Last edited 03 Mar 2021

Energy certificates for buildings


[edit] Introduction

The EU Directive on the energy performance of buildings was adopted in 2002. It was intended to improve the energy efficiency of buildings, reduce carbon emissions and reduce the impact of climate change.

The requirements were originally introduced in England and Wales by the Energy Performance of Buildings (Certificates and Inspections) (England and Wales) Regulations 2007. Implementation in England and Wales was completed on 1 October 2008. Energy performance is a devolved matter in Scotland and Northern Ireland.

A recast of the Energy Performance of Buildings Directive was adopted in 2010 and on 9 January 2013, the Energy Performance of Buildings (England and Wales) Regulations 2012 took effect. This consolidated and revoked all previous regulations.

The regulations require that:

[edit] Energy performance certificates

Energy performance certificates (EPCs), set out the energy efficiency rating of buildings. They are required when buildings are built, sold or rented if they have a roof and walls and use energy to condition an indoor climate. If a building contains separate units (for example a block of flats), each unit needs an EPC, but they are not required for shared bedsit type accommodation.

Buildings are rated from A to G on EPCs, with A representing a very efficient building and G a very inefficient building.

For more information see Energy performance certificate.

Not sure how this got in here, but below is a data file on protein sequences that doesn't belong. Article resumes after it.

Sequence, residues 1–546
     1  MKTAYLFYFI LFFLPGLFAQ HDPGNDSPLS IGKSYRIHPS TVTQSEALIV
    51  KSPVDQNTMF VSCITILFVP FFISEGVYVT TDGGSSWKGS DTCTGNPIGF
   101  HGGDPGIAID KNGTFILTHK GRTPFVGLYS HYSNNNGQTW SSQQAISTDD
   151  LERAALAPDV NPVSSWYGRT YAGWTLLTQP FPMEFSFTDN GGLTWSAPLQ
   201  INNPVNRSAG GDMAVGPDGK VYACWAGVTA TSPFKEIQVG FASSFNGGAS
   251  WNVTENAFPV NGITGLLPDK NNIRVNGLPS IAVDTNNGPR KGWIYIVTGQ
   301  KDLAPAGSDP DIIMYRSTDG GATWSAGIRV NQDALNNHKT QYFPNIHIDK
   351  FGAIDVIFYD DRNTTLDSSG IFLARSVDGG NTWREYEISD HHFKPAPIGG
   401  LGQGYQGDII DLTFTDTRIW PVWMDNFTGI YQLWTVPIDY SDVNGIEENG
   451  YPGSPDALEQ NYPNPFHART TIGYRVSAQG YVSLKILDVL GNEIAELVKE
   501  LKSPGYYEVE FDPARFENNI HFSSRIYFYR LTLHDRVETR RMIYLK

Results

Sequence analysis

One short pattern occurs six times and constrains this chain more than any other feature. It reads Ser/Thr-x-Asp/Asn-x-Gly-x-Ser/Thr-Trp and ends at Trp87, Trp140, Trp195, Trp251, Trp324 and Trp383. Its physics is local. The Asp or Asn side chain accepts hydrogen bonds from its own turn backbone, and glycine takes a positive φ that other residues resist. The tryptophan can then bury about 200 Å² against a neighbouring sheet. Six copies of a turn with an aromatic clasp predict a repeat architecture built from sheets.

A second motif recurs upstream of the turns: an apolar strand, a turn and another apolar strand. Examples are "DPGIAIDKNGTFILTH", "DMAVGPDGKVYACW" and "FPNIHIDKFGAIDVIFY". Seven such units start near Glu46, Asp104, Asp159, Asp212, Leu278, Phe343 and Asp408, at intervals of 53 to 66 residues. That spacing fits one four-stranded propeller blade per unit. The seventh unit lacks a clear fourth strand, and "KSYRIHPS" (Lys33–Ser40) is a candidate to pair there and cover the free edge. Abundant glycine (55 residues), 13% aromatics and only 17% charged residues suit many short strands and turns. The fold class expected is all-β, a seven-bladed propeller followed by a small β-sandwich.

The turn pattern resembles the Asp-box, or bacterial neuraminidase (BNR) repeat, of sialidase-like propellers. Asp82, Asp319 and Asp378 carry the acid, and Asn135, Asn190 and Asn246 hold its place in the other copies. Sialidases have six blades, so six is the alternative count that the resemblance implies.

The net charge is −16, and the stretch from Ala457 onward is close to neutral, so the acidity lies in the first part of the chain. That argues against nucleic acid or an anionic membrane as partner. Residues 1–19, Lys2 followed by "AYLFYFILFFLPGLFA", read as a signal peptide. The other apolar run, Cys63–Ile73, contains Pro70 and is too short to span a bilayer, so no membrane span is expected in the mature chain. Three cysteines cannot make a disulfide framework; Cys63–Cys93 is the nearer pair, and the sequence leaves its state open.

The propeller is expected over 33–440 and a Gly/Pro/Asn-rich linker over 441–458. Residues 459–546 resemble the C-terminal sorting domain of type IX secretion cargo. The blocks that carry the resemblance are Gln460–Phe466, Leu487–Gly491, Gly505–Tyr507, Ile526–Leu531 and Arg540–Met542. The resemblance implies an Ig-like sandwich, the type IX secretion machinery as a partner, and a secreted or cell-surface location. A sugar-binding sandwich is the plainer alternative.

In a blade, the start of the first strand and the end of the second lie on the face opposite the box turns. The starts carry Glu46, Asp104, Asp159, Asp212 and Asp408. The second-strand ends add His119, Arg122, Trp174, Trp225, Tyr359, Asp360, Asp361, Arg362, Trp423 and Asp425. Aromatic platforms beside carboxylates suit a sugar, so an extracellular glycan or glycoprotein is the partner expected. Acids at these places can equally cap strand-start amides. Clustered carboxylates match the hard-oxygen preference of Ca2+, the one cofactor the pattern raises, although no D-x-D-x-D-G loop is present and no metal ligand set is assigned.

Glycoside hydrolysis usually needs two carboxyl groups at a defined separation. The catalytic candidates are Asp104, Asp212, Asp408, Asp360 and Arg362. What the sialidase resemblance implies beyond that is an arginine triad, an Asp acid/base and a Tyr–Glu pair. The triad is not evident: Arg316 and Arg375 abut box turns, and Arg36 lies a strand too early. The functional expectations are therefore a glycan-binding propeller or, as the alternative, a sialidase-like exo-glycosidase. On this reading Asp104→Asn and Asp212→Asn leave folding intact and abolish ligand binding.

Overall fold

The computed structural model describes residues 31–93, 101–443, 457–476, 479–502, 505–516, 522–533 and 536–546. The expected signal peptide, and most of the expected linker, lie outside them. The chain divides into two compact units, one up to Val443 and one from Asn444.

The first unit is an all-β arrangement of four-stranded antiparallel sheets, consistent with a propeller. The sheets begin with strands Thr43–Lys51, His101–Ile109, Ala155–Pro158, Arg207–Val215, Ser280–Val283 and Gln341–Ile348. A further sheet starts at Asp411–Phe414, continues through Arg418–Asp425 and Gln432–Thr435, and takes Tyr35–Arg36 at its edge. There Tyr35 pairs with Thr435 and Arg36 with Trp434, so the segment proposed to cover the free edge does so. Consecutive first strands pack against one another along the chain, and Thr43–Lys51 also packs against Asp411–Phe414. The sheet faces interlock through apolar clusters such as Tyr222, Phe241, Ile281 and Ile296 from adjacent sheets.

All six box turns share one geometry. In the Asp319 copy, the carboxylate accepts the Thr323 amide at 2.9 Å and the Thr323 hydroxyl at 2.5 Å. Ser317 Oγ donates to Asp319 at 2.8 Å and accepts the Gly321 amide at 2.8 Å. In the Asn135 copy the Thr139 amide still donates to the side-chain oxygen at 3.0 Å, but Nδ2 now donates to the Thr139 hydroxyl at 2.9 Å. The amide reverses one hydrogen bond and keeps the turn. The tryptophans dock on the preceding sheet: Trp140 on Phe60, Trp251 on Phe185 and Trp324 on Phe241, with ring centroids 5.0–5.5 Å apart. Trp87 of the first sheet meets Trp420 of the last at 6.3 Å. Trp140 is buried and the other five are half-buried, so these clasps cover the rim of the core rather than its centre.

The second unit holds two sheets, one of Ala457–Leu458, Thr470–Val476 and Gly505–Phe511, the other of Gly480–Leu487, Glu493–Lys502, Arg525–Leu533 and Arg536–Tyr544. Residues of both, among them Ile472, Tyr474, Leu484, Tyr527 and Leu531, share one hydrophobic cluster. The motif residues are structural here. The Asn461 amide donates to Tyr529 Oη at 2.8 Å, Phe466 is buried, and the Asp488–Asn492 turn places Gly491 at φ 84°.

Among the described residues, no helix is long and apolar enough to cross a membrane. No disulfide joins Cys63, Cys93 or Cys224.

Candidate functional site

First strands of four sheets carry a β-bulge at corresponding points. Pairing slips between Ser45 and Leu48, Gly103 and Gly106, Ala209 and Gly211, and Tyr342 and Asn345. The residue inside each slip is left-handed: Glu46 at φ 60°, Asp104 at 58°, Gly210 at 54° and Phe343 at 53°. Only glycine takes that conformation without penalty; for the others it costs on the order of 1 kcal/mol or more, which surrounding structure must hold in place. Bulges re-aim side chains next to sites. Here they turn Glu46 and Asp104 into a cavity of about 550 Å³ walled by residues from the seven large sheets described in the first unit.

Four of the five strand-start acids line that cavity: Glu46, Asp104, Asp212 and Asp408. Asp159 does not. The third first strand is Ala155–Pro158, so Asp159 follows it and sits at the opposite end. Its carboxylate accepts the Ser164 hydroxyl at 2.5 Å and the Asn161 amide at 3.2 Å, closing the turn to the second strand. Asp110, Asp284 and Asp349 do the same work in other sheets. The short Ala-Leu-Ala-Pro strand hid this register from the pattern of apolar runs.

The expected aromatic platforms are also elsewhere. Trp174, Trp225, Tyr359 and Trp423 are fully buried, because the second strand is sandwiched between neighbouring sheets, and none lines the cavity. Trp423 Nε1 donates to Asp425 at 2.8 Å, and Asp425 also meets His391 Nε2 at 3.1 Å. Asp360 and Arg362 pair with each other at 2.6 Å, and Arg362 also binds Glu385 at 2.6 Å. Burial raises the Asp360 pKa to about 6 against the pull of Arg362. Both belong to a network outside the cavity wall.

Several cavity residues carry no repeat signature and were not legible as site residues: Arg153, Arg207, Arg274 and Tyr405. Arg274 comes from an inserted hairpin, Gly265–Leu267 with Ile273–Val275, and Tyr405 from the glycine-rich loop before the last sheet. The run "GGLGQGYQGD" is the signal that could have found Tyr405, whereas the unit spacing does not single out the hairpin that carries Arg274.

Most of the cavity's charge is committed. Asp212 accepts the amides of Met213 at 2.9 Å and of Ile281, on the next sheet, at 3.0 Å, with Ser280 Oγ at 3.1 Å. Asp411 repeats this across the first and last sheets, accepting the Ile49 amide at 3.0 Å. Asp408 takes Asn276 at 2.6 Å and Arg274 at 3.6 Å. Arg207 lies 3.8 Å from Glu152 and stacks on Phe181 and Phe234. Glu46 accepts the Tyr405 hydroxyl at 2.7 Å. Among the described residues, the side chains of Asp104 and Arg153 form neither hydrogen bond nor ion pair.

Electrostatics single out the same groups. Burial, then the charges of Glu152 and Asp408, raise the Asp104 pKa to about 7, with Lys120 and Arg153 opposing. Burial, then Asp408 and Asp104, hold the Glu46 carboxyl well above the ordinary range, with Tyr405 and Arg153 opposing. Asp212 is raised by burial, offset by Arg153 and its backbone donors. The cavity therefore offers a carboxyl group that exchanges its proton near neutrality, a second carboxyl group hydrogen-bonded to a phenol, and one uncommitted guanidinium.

[edit] Display energy certificates

Display energy certificates (DECs) show the energy performance of large, public building based on their actual energy consumption. They are intended to raise public awareness of the energy use of buildings.

Buildings are rated from A to G on DECs, with A representing a very efficient building and G a not very efficient building. DEC's should be displayed prominently in a place visible to the public.

See Display Energy Certificate for information.

[edit] Air conditioning inspections

The regulations require that air conditioning systems with an effective rated output of more than 12kw are inspected every 5 years. An inspection report is then produced providing information about the efficiency of the system and advice about how to improve it. There is no requirement to act on the recommendations.

See Air conditioning inspections for more information.

[edit] Related articles on Designing Buildings Wiki

[edit] External references

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